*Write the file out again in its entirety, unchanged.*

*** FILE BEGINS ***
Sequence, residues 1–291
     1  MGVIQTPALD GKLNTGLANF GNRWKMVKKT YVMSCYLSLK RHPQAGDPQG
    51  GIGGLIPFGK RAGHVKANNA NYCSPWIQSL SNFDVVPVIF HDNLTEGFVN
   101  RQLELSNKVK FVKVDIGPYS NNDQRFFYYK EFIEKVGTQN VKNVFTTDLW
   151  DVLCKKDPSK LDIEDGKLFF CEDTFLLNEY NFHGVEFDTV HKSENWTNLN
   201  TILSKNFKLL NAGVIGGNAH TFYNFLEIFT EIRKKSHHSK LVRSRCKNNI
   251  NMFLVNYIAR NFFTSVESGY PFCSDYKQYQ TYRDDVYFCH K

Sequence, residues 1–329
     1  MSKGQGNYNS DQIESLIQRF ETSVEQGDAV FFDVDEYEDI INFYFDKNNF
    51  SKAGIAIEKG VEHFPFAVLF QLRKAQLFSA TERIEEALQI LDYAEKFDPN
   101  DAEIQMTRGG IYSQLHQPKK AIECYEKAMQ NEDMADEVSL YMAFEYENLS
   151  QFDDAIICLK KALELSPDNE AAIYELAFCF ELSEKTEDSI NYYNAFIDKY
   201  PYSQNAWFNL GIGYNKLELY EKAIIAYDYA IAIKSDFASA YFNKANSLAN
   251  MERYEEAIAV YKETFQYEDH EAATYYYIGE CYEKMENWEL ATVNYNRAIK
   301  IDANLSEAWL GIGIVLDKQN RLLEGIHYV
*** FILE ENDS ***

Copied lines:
Sequence, residues 1–291
     1  MGVIQTPALD GKLNTGLANF GNRWKMVKKT YVMSCYLSLK RHPQAGDPQG
    51  GIGGLIPFGK RAGHVKANNA NYCSPWIQSL SNFDVVPVIF HDNLTEGFVN
   101  RQLELSNKVK FVKVDIGPYS NNDQRFFYYK EFIEKVGTQN VKNVFTTDLW
   151  DVLCKKDPSK LDIEDGKLFF CEDTFLLNEY NFHGVEFDTV HKSENWTNLN
   201  TILSKNFKLL NAGVIGGNAH TFYNFLEIFT EIRKKSHHSK LVRSRCKNNI
   251  NMFLVNYIAR NFFTSVESGY PFCSDYKQYQ TYRDDVYFCH K

Sequence, residues 1–329
     1  MSKGQGNYNS DQIESLIQRF ETSVEQGDAV FFDVDEYEDI INFYFDKNNF
    51  SKAGIAIEKG VEHFPFAVLF QLRKAQLFSA TERIEEALQI LDYAEKFDPN
   101  DAEIQMTRGG IYSQLHQPKK AIECYEKAMQ NEDMADEVSL YMAFEYENLS
   151  QFDDAIICLK KALELSPDNE AAIYELAFCF ELSEKTEDSI NYYNAFIDKY
   201  PYSQNAWFNL GIGYNKLELY EKAIIAYDYA IAIKSDFASA YFNKANSLAN
   251  MERYEEAIAV YKETFQYEDH EAATYYYIGE CYEKMENWEL ATVNYNRAIK
   301  IDANLSEAWL GIGIVLDKQN RLLEGIHYV